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Agapostemon texanus.jpg
Agapostemon texanus
Scientific classification
Kingdom: Animalia
Phylum: Arthropoda
Class: Insecta
Order: Hymenoptera
Family: Halictidae
Subfamily: Halictinae
Tribe: Halictini
Genus: Agapostemon
Guérin-Méneville, 1844

The genus Agapostemon is a common group of Western Hemisphere sweat bees.

They are of generally green or blue appearance (head and thorax almost always, sometimes also the abdomen in females, most males have the abdomen yellow banded on a black or metallic background).

Some 42 species are in the genus, which ranges from Canada to Argentina. They superficially resemble various members of the tribe Augochlorini, which are typically metallic greenish in appearance.

All species nest in the ground, sometimes in dense aggregations. Some species are communal, i.e. multiple females share the same nest entrance but beneath the common entrance burrow construct their own portion of the nest, dig their own brood cells and collect pollen and nectar to fashion the pollen ball upon which they will lay an egg.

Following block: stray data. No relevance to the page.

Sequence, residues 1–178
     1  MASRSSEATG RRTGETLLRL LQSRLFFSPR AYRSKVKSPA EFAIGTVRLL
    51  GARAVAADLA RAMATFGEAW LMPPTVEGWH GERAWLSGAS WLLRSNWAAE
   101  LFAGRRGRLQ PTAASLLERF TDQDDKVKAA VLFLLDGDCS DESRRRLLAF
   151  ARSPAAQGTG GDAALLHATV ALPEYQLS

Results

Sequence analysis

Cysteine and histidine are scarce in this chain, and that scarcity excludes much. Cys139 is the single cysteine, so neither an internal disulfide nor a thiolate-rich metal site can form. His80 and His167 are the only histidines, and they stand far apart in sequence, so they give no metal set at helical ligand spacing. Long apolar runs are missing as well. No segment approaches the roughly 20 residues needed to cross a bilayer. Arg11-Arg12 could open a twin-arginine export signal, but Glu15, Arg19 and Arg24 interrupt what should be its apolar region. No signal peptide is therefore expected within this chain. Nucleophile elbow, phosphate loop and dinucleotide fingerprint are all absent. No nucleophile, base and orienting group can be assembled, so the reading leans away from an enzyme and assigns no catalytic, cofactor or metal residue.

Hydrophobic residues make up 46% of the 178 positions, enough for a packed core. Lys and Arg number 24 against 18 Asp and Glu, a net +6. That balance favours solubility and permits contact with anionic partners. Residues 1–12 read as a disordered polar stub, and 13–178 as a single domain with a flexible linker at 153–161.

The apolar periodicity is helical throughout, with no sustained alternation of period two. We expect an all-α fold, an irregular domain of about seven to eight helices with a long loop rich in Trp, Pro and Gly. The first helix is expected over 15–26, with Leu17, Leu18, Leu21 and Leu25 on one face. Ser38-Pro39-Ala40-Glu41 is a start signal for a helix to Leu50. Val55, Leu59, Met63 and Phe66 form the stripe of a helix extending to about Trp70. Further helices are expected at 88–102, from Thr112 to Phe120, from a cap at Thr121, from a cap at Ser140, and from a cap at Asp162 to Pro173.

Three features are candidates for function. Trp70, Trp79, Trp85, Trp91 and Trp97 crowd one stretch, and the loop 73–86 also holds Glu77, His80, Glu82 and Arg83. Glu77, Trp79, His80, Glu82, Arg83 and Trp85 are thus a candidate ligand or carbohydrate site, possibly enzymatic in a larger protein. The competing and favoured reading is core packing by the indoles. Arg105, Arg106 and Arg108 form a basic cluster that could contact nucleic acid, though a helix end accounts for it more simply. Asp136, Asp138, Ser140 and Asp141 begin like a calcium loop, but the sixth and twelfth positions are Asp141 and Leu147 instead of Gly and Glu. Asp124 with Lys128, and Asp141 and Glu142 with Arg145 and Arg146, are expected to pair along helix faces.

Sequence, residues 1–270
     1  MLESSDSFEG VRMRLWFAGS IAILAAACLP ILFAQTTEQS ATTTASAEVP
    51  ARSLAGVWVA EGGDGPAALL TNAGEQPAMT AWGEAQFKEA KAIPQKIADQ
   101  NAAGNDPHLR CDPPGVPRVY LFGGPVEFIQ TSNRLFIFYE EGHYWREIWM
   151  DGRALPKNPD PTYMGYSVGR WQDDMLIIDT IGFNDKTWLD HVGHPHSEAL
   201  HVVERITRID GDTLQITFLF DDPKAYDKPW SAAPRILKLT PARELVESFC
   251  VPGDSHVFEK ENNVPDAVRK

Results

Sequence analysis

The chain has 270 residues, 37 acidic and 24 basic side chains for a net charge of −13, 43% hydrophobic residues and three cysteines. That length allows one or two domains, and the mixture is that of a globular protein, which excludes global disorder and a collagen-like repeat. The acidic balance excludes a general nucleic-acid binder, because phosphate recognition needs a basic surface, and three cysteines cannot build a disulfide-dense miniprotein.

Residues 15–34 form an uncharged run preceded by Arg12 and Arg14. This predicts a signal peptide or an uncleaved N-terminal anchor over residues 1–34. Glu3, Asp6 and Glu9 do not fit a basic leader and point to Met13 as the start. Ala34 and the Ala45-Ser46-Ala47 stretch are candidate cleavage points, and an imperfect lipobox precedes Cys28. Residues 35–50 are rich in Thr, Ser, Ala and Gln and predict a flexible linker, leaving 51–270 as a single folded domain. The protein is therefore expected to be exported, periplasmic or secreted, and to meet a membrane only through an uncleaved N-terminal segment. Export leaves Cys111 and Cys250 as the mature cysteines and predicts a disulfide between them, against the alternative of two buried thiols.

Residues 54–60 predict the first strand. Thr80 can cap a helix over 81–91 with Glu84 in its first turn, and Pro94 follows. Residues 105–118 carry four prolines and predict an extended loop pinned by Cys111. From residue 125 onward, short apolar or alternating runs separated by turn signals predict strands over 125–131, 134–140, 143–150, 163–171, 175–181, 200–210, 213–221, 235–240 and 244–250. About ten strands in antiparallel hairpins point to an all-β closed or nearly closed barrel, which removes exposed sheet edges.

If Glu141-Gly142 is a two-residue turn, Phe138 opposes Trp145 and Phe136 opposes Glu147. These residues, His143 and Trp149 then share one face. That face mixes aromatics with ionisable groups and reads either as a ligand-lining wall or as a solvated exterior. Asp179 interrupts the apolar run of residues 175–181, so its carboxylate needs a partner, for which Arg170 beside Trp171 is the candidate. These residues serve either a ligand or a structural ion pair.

Unlike many other social bees, there is no reproductive division of labour. The advantage of this form of sociality seems to be that cleptoparasitic 'Nomada' bees have greater difficulty gaining access to the nest and brood cells when there are multiple females inside.

In cool temperate regions at least, there is one generation a year with females being active in early summer and males and pre-diapausing females active in late summer. Only mated females survive the winter. Males can often be seen in large numbers flying around shrubs with large flowers, such as rose of sharon.



  1. ^ Bisby F.A., Roskov Y.R., Orrell T.M., Nicolson D., Paglinawan L.E., Bailly N., Kirk P.M., Bourgoin T., Baillargeon G., Ouvrard D. (red.) (2011). "Species 2000 & ITIS Catalogue of Life: 2011 Annual Checklist.". Species 2000: Reading, UK. Retrieved September 24, 2012. 

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